Bib 2.0: Before Blogs and Wikis: Three Tools to Enhance Collaboration - 5 views

  • Diigo: Once they start their web-related search, Diigo, an add-on extension for Firefox and Internet Explorer, allows students to highlight text and post sticky-notes directly onto webpages, then share their comments within the group. Others can add their own comments to the note. Selected text is archived to a "my bookmarks" page, along with the comments and a copy of the website. Students can collaborate within the bookmarks site or on the individual websites. Diigo supports RSS feeds, allowing teachers to follow student progress. The more I use this tool, the more I'm convinced it ought to be integral to every research project. It allows students to actively connect with the information they're reading--to question, annotate and infer. All in collaboration with their group. How amazing is that???
Maggie Tsai

Beyond School: From Red Pen to Invisible Ink: Assessing Student Blogs with Diigo Groups - 6 views

  • Somehow find a way to use Diigo to assess student web-log writing without defacing the students' "intellectual property" and turning writing into "schooliness."
  • My students have joined the Group. Now when they go to their web-logs, after logging in to their Diigo account and setting "Show Annotations > Show Group Annotations" on their Diigo toolbar, they will see the highlights of specific passages from their writing that I have left (and I can start students doing this too, it occurs to me in a very attractive flash), and my annotations will pop up on their screen when they hover their mouse over the highlights.Also good, our Diigo Groups Bookmarks page records all highlights and annotations I have made on one page. Students can use that to see all feedback I have given to specific strengths and weaknesses on all students writings.And since they're using anagrams instead of first-name usernames on their blogs, there's less of a chance of any embarrassment resulting from this "public feedback"--with "invisible ink."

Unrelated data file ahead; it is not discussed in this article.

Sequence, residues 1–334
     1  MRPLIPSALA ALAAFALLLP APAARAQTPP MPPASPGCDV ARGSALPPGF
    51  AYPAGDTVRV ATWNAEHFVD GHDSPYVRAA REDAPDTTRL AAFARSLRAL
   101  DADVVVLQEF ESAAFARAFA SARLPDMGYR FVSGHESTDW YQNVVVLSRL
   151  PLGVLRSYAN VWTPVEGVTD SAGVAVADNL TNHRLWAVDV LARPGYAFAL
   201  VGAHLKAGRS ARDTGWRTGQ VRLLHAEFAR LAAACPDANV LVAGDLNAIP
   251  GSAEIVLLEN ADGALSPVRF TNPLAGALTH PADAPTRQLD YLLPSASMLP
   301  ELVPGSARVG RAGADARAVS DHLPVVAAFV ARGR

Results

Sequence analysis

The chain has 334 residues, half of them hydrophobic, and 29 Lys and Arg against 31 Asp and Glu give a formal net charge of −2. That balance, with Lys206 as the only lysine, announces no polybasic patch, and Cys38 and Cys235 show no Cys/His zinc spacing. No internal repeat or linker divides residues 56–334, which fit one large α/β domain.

Maggie Tsai

Sweeny's Canadawiki Weblog: Make Your Own Wiki Textbook With Web 2.0 - 6 views

  • Web 2.0 services are generating what is truly a personal learning renaissance.Here's a comment from teacher Elizabeth Davis at Classroom 2.0:"Following and reading blogs, participating in ning, contributing to wikis, writing in my blog, I haven't thought this much in years. It truly is an amazing phenomenon. I feel so intellectually alive. I'm inspired and challenged constantly. The blogs I read lead me to question and explore new tools and Websites. I haven't written this much since I was in school. It is all so exciting and energizing. For me, classroom 2.0 could just be about my own growth and learning and that would be enough."A good example of a free Web 2.0 service is Wikispaces. Here's a class wiki made with the service - A Broken World, the World War I wiki of a Grade 9 class. Their teacher comments:You are now "textbook writers." Your goal is to make a better, more interesting textbook than that overweight, boring, 20th Century history textbook you're now using. And to do work of such high quality that you can include it on your resume as another example of your academic skills in your "digital portfolio."Here are some other School 2.0 online services:* Diigo- for "social bookmarking" of Web sources.* Blogger - to create a class weblog.* Ning - to build your own social network]